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After being all but declared dead, Charleston's trash incinerator is showing signs of life.
Two months ago, it was decided the facility was no longer viable not only for its cost, but because of environmental impact. The facility burns everything that gets throw in the trash, including batteries and light bulbs. While the facility does use charcoal and static-electricity-based filters, some 129 pounds of mercury are put into the environment (enough to beat most of the state's coal-fired power plants) and the plant is potent source of dioxins.
Closing the plant would shift the trash burden to area landfills, and some officials estimate this would cause the West Ashley landfill to be full in nine years. Opposition to such a situation by residents has made the incinerator seem more attractive.
This outcry prompted Veolia (the incinerator's operator) to propose adding a $10 million "bag house" vacuum to decrease mercury emissions by 70 percent, to about 38.7 pounds, and cut particulate emissions in half. Charleston County's Solid Waste and Recycling Department has showed interest in the plan.
On the other side, though, the plan would require a 20-year commitment to continue using the facility. And, while it might seem attractive today, future federal capping on emissions and credit schemes could cost the county a bundle.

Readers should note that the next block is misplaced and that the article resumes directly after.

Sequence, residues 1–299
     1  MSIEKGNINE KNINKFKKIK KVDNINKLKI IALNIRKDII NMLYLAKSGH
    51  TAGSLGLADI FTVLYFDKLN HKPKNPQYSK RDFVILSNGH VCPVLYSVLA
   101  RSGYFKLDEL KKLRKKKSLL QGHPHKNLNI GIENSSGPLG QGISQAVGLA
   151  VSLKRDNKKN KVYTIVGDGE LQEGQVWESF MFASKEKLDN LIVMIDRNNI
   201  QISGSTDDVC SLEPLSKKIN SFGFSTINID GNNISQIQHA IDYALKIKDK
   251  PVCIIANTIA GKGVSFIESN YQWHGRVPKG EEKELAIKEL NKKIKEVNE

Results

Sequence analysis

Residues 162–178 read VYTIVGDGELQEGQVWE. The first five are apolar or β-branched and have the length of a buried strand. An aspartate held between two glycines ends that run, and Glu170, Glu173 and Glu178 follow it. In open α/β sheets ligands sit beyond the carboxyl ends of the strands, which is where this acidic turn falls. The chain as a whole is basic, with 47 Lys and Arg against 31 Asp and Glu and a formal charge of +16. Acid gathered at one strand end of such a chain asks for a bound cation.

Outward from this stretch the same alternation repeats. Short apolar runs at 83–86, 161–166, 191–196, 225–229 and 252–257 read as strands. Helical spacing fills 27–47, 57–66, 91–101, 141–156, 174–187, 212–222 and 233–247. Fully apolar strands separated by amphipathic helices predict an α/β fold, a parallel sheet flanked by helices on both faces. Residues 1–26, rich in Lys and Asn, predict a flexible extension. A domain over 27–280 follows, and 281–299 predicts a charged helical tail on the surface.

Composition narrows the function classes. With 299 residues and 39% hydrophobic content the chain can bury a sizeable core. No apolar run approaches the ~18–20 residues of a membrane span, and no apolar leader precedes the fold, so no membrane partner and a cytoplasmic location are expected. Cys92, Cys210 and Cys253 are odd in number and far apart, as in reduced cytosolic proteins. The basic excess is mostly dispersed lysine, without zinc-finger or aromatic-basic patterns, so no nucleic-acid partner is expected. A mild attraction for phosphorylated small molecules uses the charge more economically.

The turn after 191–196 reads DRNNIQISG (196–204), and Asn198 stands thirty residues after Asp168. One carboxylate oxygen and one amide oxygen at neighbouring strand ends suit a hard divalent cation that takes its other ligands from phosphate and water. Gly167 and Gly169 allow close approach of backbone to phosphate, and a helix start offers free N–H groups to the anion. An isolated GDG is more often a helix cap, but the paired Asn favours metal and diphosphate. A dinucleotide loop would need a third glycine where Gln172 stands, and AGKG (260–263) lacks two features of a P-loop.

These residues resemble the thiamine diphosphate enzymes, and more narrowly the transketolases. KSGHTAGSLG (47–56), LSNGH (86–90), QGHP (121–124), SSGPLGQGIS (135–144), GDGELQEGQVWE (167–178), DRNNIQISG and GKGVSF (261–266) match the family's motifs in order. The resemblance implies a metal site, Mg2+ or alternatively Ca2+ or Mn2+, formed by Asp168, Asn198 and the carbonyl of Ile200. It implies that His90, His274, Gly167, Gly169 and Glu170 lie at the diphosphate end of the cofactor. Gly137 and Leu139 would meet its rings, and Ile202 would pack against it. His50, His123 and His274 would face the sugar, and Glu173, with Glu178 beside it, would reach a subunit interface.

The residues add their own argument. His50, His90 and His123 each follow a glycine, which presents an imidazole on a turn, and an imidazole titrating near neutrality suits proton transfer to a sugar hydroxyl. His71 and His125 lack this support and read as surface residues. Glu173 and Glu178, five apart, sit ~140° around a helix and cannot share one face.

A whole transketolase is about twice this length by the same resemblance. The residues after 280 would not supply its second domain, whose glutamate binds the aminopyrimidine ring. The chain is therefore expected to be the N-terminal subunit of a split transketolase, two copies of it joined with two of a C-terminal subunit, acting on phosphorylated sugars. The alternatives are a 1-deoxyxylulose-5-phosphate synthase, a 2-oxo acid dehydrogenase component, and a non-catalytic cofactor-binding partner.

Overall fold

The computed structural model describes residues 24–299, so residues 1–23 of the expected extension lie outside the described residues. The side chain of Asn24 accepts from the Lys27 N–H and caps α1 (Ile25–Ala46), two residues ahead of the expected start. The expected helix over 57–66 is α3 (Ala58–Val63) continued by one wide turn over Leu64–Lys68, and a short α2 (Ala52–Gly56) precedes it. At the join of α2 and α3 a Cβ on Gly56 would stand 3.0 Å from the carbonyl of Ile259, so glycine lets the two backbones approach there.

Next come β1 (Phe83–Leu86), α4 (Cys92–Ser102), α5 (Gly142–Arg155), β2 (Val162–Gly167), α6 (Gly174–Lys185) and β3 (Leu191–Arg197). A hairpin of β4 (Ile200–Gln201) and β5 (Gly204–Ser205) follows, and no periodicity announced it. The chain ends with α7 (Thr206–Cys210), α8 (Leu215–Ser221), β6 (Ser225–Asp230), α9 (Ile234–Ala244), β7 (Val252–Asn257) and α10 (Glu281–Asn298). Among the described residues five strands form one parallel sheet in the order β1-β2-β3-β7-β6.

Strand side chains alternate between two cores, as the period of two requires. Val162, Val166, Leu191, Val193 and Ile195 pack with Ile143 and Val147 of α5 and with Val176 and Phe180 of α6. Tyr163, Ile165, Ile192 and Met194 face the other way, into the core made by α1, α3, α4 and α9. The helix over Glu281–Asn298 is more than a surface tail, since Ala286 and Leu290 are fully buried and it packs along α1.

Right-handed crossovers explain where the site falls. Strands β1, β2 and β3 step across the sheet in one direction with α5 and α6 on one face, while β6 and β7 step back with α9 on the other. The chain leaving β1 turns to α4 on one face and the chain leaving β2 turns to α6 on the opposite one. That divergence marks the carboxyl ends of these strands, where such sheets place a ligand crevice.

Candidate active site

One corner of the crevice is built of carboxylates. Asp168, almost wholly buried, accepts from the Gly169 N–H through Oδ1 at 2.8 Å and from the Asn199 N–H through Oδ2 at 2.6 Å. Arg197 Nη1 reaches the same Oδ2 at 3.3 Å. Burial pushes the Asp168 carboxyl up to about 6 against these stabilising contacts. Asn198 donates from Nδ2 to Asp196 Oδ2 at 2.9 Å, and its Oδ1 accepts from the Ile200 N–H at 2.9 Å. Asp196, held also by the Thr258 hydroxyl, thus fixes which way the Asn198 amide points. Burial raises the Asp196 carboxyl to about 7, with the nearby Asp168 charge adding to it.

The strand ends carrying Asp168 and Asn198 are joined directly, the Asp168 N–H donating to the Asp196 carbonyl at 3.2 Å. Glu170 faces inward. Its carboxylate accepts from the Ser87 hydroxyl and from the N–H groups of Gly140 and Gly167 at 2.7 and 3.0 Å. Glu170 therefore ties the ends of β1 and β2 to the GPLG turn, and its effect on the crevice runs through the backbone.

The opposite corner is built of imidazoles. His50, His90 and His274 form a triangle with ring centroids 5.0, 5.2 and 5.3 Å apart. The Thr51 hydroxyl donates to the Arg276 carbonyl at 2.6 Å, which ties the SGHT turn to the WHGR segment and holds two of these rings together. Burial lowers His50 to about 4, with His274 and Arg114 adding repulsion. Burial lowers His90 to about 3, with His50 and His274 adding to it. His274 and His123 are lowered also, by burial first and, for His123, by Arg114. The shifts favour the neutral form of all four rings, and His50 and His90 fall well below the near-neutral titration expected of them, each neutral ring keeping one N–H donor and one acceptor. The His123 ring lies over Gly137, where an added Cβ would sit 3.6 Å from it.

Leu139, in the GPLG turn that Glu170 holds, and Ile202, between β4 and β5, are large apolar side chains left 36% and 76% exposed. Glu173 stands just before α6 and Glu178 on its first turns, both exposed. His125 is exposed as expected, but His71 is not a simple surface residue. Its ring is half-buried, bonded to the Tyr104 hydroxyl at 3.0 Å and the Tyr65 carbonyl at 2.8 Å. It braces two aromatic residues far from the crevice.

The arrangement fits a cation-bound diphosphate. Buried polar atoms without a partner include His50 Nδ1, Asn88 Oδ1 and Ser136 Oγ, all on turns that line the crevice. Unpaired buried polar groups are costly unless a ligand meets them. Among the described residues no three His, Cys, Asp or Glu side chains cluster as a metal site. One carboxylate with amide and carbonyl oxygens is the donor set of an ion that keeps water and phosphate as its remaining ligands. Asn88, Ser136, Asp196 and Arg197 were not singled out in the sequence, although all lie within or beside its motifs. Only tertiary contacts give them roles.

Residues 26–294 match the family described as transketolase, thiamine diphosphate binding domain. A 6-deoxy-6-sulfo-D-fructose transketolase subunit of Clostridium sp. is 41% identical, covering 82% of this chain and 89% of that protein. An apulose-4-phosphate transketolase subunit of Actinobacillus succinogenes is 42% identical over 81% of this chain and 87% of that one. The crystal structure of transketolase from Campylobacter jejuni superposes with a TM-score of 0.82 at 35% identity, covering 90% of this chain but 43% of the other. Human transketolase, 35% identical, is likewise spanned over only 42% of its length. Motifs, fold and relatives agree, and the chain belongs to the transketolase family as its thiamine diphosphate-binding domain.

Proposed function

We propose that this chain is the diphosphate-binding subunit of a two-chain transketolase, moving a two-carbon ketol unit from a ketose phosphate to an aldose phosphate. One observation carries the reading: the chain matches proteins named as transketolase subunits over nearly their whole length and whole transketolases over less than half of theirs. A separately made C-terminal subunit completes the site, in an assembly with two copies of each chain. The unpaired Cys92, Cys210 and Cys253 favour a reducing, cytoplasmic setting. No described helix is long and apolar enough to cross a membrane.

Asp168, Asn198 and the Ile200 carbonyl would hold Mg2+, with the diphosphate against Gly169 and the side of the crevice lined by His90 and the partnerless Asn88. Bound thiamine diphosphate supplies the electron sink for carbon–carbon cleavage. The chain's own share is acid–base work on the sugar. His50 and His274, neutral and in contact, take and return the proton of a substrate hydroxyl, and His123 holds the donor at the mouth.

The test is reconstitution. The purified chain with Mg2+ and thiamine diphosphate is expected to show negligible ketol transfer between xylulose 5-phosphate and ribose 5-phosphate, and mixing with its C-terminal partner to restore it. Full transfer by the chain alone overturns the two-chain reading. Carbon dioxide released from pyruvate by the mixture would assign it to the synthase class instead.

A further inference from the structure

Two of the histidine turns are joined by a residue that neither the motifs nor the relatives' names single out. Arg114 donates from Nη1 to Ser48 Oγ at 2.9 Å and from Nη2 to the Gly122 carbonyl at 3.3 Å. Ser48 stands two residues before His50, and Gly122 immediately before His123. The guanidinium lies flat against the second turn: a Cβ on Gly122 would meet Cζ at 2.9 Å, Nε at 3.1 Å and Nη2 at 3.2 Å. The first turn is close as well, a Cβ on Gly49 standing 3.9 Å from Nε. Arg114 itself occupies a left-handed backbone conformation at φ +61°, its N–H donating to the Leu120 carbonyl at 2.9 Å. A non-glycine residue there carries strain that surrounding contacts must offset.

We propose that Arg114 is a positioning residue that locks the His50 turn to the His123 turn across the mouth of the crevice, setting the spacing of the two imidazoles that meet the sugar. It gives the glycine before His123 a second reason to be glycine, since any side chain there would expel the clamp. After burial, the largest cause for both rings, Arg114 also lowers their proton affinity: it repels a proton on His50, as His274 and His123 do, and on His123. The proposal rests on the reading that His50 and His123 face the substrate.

Others point out that if neither landfills nor incinerators are ideal, we could make more efforts to recycle or simply throw away less. The Charleston City Paper writes:
Kevin Richardson, a local soil and waste expert and a member of the subcommittee on waste and recycling for the city of Charleston's Green Council, worries that such agreements will preclude future efforts to pick up recycling from businesses, a service currently not offered by the county. Ideas like weighing household trash with a scale on the truck, and charging users accordingly, might also be discouraged.
The Montenay Incinerator, a waste-to-energy plant, was established in 1989 after Hurricane Hugo. The incinerator reduces about 230,000 tons of trash a year into 47,000 and, in the process, produces enough energy to power about 7,000-10,000 homes.